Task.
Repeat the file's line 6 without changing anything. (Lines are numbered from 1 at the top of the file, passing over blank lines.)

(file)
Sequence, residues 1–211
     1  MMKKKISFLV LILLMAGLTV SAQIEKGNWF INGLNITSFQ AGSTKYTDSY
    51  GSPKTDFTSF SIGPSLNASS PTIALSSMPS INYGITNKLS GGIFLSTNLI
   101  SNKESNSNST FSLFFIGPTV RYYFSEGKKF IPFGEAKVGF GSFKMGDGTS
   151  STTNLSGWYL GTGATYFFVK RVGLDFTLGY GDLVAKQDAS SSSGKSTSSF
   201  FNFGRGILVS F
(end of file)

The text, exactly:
   201  FNFGRGILVS F